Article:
By Pueblo y Salud
A three-year effort to improve the health and safety of Palmdale residents will culminate on Wednesday, Sept. 2, at 8 p.m., when the Palmdale City Council is scheduled to adopt strong alcohol control policy.
The Palmdale Prevention Community Council (PCC), a coalition of more than 20 health and community organizations, would like to encourage all Palmdale residents to attend this very important meeting.
City Council meetings start at 7 p.m., but the Sept. 2 meeting has an item on the agenda that will delay the action on the alcohol ordinance at least until 8 p.m. This item has already gone before and has been passed by the Palmdale Planning Commission in June. It now goes before the City Council for final ratification and adoption. [Read the ordinance here.]
If enacted, the new alcohol ordinance has the potential to stay and, possibly, reduce the number of liquor stores in ZIP codes 93550 and 93552. This is important because of the correlation between alcohol outlet density and the high rates of violent crime in both of these ZIP codes. Among other things, it will ban the sale of alco-pops – malt beverages with very high alcohol content packaged in a manner to attract youth consumption.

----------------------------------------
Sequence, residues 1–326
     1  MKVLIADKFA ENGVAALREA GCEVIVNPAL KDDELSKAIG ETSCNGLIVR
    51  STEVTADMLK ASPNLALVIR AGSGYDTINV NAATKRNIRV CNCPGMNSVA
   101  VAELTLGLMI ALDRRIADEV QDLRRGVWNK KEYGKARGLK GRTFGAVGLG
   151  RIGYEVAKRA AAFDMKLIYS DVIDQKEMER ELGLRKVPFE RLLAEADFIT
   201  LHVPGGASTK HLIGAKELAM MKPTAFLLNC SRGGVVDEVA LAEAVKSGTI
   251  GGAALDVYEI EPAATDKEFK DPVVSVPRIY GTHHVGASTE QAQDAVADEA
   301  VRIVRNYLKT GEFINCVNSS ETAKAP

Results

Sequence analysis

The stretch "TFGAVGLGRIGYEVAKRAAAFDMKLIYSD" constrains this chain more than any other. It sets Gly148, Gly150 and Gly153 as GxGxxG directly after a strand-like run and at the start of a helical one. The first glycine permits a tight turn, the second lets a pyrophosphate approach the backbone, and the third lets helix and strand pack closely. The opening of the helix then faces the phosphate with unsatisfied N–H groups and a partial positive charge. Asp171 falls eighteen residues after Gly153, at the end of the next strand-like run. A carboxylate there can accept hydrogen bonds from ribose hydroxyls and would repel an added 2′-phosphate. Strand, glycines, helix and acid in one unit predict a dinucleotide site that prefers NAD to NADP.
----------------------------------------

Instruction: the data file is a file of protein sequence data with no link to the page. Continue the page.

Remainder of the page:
“We started advocating for policy change as soon as we found evidence showing that young residents, mostly students of local middle and high schools, were being adversely impacted by the large number of alcohol outlets in the area,” stated Dr. Jenneth King, church administrator at Word of Life Outreach Ministries and member of the PCC. She added that, “Youth should not have to live in environments where there’s a liquor store on every corner; it sends the wrong message that this is OK and counters all we try to teach our children at home and at school.”
Pueblo y Salud, a health agency working to inform and educate community residents and policy makers about the connection between alcohol availability and alcohol-related problems, have conducted studies and research in Palmdale for many years.
Waunette Cullors, Project Coordinator, stated that, “The new goal is to establish a mechanism to ensure enforcement of the new policies once they are adopted.” She added that, “This has not been emphasized by local city officials in the past, but is an element we are all looking to address in the future.”
Previous related story: Community sends clear urgent message: ‘Our children are being hurt!’
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